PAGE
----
Bring to Washington, DC, 10,000 political organizers who are willing to play hardball, and you can get serious face time with the president of the United States. Even if you aren’t yet 25 years old.
Shortly after 4 pm last Friday, April 15, Barack Obama dropped in unexpectedly on a White House meeting that his aides were holding with the Energy Action Coalition, a network of climate change groups on college campuses that had drawn the 10,000 organizers to its PowerShift conference in the nation’s capital. Interviews with multiple sources in the room indicate that Obama spent twenty-five minutes with the young EAC activists, telling them, “You have power, that’s why I’m here.” Ten of the eleven activists were women; none was older than 31. Their discussion with the president was friendly but plain-spoken—one young woman even interrupted Obama, who didn’t seem to mind—as the activists urged the president to be the clean-energy champion they and their peers had done so much to elect in 2008.
The PowerShift activists are reinforcing their tough-love message today, when thousands plan to demonstrate at the White House before marching to Capitol Hill and the Washington offices of the Chamber of Commerce, BP and other business groups the activists accuse of obstructing the fight against climate change.
“The president told us he wants the same things we want, but the politics in the country are really hard right now,” said Maura Cowley, 28, one of two chief co-organizers of PowerShift. “We said that’s fine, but he can’t call coal, oil, nuclear and natural gas clean energy when actually they are quite dangerous. And we said we’re here to help create the political space so he can show bold leadership on truly clean energy choices.” This was precisely the focus of a jam-packed session at PowerShift aptly titled “What To Do When the President’s Just Not That Into You” where many former Obama volunteers seemed ready to apply their social networking skills to demand far more ambitious leadership from the president.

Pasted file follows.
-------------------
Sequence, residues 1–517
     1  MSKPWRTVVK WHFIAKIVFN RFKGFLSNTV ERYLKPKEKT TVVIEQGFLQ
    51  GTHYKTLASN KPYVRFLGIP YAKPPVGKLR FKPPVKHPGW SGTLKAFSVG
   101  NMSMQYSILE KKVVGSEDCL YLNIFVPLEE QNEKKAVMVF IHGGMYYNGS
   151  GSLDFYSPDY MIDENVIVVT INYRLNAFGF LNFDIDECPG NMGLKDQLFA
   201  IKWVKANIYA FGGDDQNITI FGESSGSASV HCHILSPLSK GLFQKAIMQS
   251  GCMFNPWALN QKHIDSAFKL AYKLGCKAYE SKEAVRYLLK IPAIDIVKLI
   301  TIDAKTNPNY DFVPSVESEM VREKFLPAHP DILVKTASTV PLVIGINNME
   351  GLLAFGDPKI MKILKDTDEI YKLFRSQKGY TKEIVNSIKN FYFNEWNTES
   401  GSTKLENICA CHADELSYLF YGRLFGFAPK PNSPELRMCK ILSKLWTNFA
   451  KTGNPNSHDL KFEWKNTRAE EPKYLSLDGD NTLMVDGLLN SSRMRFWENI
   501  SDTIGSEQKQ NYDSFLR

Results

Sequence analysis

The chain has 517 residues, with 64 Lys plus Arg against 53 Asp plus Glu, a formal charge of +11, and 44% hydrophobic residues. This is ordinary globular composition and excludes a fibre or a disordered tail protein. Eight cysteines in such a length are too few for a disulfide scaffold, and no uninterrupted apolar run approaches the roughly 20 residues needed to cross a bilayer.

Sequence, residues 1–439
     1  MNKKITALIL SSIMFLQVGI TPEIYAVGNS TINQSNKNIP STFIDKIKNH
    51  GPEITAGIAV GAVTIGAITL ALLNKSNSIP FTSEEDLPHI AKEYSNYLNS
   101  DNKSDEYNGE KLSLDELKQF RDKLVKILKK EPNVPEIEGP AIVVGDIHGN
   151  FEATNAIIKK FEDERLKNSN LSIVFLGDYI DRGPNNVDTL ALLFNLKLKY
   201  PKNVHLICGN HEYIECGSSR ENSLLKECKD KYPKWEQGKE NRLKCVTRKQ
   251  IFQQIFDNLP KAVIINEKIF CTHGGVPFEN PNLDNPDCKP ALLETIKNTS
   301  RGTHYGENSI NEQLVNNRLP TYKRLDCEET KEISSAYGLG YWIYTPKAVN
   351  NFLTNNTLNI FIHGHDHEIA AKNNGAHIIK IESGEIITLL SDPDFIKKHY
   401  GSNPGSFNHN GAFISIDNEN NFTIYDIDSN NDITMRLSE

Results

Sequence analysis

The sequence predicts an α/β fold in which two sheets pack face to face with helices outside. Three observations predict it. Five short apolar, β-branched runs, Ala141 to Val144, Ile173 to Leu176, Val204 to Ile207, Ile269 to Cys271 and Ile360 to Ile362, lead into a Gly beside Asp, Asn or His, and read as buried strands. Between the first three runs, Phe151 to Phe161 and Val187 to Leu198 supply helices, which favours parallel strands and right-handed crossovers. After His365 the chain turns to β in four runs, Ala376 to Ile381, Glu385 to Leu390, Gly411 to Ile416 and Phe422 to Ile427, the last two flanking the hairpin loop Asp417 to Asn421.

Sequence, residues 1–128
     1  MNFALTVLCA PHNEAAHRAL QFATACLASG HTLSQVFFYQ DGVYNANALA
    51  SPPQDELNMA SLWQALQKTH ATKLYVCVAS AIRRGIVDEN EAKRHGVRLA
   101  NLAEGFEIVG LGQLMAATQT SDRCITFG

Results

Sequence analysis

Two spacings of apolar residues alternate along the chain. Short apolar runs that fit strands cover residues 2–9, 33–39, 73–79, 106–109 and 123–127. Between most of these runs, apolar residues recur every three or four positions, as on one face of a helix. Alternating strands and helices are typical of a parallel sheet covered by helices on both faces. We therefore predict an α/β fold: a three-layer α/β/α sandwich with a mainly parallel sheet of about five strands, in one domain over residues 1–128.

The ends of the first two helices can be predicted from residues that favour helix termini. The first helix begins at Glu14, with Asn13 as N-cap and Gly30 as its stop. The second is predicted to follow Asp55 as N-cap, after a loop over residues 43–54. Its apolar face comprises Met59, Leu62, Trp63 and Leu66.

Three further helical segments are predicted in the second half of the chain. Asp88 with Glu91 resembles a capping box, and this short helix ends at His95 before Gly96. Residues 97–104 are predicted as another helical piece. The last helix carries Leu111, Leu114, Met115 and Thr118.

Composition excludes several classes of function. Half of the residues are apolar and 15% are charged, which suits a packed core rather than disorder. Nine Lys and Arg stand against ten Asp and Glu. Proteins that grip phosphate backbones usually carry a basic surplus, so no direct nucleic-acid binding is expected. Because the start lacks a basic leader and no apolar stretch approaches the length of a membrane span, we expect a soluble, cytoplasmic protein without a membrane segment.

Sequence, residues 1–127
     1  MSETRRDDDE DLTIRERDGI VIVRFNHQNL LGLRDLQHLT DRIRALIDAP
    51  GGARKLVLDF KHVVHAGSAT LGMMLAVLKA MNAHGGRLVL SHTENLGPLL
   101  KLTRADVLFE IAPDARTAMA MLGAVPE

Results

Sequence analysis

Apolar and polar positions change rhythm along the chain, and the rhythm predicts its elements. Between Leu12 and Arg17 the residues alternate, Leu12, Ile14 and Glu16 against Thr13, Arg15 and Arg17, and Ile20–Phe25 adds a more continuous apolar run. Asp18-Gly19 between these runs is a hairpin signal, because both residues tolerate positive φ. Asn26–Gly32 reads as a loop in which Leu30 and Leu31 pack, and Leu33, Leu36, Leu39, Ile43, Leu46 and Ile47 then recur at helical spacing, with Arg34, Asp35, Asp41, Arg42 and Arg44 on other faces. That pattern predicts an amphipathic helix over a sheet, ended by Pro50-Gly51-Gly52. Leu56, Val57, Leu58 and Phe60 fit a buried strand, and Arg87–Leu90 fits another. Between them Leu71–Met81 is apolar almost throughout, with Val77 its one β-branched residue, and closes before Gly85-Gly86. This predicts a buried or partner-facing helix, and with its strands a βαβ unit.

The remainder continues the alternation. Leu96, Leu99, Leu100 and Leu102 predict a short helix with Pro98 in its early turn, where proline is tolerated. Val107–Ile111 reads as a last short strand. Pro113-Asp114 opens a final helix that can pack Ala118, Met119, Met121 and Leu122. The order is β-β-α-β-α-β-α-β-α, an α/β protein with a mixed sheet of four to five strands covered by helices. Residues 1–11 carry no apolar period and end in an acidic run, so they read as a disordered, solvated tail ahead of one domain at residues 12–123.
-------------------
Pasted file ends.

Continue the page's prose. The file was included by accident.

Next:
Asked for comment on the accuracy of remarks attributed to Obama, White House spokesman Clark Stevens told The Nation, “The president appreciated the opportunity to discuss the administration’s record on clean energy as well as his ongoing focus to build a twenty-first-century clean energy economy with PowerShift leadership.”
The power Obama apparently perceives in the PowerShift activists reflects the grassroots muscle young people demonstrated in the 2008 presidential campaign. It’s not just that in 2008 people under 30 voted overwhelmingly for Obama. Equally important is that a large number of young volunteers, many of them getting involved in politics for the first time, mobilized millions of other people to vote for Obama as well.
If the president wants similar enthusiasm from youth in 2012, he must do much more about young people’s priority issues such as climate change, said activists attending PowerShift. “Obama really needs to address the urgency of getting [the country] off coal and fossil fuels if he wants us to get out the vote for him in 2012,” Ashley Hall, 21, a junior at Michigan State University, said as she joined 400 other students from Michigan, Indiana and Wisconsin in training sessions to sharpen their skills at attracting and working with allies, writing press releases and other basics of political organizing.
By implicitly threatening to withhold their enthusiasm from the president’s re-election effort, the young climate activists are pursuing a sharply different strategy than most big environmental and other progressive groups centered in Washington. Aside from the Sierra Club—the lead sponsor of PowerShift—and one or two others, most so-called Big Green groups have instead focused on maintaining friendly access to the Obama White House, even when this has meant supporting policies that fall well short of desirable.